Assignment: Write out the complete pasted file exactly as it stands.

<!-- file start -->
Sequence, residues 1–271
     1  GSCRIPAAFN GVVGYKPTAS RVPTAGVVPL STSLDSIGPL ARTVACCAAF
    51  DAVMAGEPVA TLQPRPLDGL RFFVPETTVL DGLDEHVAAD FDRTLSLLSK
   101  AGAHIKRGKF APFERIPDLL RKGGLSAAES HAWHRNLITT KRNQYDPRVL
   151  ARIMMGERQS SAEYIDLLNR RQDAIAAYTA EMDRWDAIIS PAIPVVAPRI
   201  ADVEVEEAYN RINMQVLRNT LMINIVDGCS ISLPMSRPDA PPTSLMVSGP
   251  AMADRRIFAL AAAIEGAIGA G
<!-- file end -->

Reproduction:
Sequence, residues 1–271
     1  GSCRIPAAFN GVVGYKPTAS RVPTAGVVPL STSLDSIGPL ARTVACCAAF
    51  DAVMAGEPVA TLQPRPLDGL RFFVPETTVL DGLDEHVAAD FDRTLSLLSK
   101  AGAHIKRGKF APFERIPDLL RKGGLSAAES HAWHRNLITT KRNQYDPRVL
   151  ARIMMGERQS SAEYIDLLNR RQDAIAAYTA EMDRWDAIIS PAIPVVAPRI
   201  ADVEVEEAYN RINMQVLRNT LMINIVDGCS ISLPMSRPDA PPTSLMVSGP
   251  AMADRRIFAL AAAIEGAIGA G